Hun­dreds of Iraqi women rally in de­fi­ance of order

Gulf Today - - Front Page -

BAGH­DAD: Hun­dreds of Iraqi women of all ages flooded cen­tral Bagh­dad on Thurs­day along­side male anti-gov­ern­ment pro­test­ers, de­fy­ing an order by pow­er­ful cleric Moqtada Sadr to sep­a­rate the gen­ders in the ral­lies.

Some were veiled, oth­ers not, still more wrapped their faces in black-and-white check­ered scarves. Most car­ried roses, Iraqi flags or signs de­fend­ing their role in the regime change demon­stra­tions.

They marched through a tun­nel and spilled out into Tahrir Square, the epi­cen­tre of the youth-dom­i­nated move­ment in a coun­try where vast re­gions re­main so­cially con­ser­va­tive.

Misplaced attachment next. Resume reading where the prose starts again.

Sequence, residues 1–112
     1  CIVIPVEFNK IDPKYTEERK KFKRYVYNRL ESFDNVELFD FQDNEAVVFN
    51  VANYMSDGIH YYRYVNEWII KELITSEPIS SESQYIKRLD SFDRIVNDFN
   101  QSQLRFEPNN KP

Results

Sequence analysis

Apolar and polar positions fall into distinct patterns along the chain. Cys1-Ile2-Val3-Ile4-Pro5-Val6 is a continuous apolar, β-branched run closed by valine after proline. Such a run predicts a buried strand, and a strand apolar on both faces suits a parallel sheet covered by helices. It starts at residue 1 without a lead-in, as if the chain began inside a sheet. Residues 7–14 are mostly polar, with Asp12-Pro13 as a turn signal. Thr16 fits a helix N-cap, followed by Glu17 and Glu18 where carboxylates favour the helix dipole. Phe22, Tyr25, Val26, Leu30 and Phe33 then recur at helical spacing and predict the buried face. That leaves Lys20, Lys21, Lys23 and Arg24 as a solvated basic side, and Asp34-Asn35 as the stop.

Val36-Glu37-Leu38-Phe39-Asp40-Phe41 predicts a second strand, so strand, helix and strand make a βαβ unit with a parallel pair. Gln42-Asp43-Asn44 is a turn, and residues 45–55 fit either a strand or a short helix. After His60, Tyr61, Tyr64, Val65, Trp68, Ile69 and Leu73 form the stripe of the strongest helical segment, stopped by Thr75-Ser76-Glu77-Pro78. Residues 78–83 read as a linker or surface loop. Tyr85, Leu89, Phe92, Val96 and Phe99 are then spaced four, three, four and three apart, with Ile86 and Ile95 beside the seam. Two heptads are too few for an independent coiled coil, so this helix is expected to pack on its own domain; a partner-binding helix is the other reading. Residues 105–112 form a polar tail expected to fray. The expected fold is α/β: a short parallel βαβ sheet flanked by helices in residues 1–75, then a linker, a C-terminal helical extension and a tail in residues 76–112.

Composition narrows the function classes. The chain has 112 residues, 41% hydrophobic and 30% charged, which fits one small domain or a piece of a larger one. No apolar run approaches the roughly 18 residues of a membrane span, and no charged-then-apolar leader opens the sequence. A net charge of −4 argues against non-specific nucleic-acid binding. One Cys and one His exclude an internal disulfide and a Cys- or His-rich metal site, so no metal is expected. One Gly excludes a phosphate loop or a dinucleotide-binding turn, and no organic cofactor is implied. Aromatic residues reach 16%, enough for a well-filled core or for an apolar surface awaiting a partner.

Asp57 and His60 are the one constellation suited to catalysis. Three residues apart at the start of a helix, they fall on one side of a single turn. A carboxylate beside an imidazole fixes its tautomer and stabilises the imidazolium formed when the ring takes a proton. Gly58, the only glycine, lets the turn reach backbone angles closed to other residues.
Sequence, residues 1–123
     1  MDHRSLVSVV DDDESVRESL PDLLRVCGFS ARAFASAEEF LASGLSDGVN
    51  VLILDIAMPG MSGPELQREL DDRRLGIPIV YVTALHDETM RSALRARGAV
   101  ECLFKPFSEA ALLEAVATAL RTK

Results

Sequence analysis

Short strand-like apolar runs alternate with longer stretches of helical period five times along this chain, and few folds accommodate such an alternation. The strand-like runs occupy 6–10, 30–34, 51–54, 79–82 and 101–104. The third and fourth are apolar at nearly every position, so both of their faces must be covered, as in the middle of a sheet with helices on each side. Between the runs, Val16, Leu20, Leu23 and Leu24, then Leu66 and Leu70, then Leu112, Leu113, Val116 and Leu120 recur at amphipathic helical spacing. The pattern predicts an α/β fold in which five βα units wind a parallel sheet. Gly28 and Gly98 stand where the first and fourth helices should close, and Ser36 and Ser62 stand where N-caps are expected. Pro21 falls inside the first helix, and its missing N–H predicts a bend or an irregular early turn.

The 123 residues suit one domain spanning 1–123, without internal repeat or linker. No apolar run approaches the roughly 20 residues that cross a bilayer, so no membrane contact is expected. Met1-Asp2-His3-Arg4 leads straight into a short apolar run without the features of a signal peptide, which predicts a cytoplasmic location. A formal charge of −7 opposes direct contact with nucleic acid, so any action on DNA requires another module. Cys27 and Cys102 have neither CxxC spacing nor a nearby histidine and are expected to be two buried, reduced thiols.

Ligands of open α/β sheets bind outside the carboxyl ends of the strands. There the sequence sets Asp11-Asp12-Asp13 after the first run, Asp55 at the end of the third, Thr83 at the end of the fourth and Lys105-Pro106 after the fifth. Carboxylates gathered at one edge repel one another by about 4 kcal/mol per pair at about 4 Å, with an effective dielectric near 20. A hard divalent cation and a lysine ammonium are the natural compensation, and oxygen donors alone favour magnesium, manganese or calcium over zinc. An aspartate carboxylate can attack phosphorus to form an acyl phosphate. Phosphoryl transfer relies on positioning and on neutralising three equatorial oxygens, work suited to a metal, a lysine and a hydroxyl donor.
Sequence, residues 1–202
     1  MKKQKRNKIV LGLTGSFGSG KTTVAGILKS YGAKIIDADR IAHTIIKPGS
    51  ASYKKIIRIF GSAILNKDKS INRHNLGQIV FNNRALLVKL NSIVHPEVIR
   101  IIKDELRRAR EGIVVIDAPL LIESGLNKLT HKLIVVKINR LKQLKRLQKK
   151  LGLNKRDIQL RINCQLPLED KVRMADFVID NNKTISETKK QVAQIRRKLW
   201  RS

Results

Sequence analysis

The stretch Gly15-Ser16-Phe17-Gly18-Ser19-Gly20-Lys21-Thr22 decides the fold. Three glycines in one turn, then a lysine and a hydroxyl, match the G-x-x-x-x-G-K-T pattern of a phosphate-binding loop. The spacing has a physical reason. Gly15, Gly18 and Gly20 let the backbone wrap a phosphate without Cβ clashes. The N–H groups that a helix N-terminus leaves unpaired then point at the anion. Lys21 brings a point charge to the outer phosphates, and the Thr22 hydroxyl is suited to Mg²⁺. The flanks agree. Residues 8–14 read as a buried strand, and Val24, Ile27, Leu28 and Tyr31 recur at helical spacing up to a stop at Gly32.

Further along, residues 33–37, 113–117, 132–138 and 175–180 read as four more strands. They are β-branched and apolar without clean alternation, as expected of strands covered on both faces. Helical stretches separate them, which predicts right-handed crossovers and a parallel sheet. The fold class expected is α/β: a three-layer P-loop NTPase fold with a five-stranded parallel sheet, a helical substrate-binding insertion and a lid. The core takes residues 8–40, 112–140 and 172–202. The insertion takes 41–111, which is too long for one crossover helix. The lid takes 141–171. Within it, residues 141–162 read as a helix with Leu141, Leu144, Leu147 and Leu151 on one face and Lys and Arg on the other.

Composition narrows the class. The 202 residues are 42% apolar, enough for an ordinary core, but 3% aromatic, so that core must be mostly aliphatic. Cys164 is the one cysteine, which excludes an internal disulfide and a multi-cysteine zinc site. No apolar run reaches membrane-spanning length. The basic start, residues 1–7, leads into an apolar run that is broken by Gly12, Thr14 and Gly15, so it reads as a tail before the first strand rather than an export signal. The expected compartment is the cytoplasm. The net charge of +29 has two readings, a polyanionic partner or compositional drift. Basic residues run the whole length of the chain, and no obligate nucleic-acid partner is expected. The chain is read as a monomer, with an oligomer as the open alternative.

“We want to pro­tect women’s role in the protests as we’re just like the men. There are ef­forts to kick us out of Tahrir but we’ll only come back stronger,” said Zainab Ah­mad, a phar­macy stu­dent.

“Some people were in­cit­ing against us a few days ago, seek­ing to keep women at home or keep them quiet. But we turned out to­day in large num­bers to prove to those people that their ef­forts will end in fail­ure,” she said.

Ah­mad ap­peared to be re­fer­ring to con­tro­ver­sial cleric Moqtada Sadr, a pow­er­ful fig­ure who first backed the ral­lies when they erupted in Oc­to­ber but who has since sought to dis­credit them.

On Satur­day, the mili­tia­man-turned-politi­cian had al­leged drug and al­co­hol use among the pro­test­ers and said it was im­moral for men and women to mix there.